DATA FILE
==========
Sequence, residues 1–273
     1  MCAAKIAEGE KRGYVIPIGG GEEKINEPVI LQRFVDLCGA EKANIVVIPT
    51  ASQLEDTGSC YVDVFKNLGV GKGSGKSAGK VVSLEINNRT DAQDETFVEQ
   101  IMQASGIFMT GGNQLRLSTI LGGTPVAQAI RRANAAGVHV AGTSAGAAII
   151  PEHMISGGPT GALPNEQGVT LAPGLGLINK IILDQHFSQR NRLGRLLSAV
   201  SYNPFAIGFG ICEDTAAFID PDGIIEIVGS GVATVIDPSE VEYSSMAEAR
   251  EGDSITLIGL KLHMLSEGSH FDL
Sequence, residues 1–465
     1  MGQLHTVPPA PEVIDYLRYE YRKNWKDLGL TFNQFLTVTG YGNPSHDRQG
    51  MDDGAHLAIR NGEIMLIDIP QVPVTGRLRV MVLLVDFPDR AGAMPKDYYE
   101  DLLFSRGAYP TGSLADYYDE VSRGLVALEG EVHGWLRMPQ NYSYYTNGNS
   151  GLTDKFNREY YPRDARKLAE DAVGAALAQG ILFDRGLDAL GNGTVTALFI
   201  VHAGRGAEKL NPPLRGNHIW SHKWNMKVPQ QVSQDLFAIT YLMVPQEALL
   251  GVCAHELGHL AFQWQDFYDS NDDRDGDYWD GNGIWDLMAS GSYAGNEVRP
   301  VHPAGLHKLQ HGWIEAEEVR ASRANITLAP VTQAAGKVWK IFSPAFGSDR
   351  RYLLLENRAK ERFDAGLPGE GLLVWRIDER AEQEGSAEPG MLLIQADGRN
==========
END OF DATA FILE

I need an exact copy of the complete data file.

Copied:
Sequence, residues 1–273
     1  MCAAKIAEGE KRGYVIPIGG GEEKINEPVI LQRFVDLCGA EKANIVVIPT
    51  ASQLEDTGSC YVDVFKNLGV GKGSGKSAGK VVSLEINNRT DAQDETFVEQ
   101  IMQASGIFMT GGNQLRLSTI LGGTPVAQAI RRANAAGVHV AGTSAGAAII
   151  PEHMISGGPT GALPNEQGVT LAPGLGLINK IILDQHFSQR NRLGRLLSAV
   201  SYNPFAIGFG ICEDTAAFID PDGIIEIVGS GVATVIDPSE VEYSSMAEAR
   251  EGDSITLIGL KLHMLSEGSH FDL
Sequence, residues 1–465
     1  MGQLHTVPPA PEVIDYLRYE YRKNWKDLGL TFNQFLTVTG YGNPSHDRQG
    51  MDDGAHLAIR NGEIMLIDIP QVPVTGRLRV MVLLVDFPDR AGAMPKDYYE
   101  DLLFSRGAYP TGSLADYYDE VSRGLVALEG EVHGWLRMPQ NYSYYTNGNS
   151  GLTDKFNREY YPRDARKLAE DAVGAALAQG ILFDRGLDAL GNGTVTALFI
   201  VHAGRGAEKL NPPLRGNHIW SHKWNMKVPQ QVSQDLFAIT YLMVPQEALL
   251  GVCAHELGHL AFQWQDFYDS NDDRDGDYWD GNGIWDLMAS GSYAGNEVRP
   301  VHPAGLHKLQ HGWIEAEEVR ASRANITLAP VTQAAGKVWK IFSPAFGSDR
   351  RYLLLENRAK ERFDAGLPGE GLLVWRIDER AEQEGSAEPG MLLIQADGRN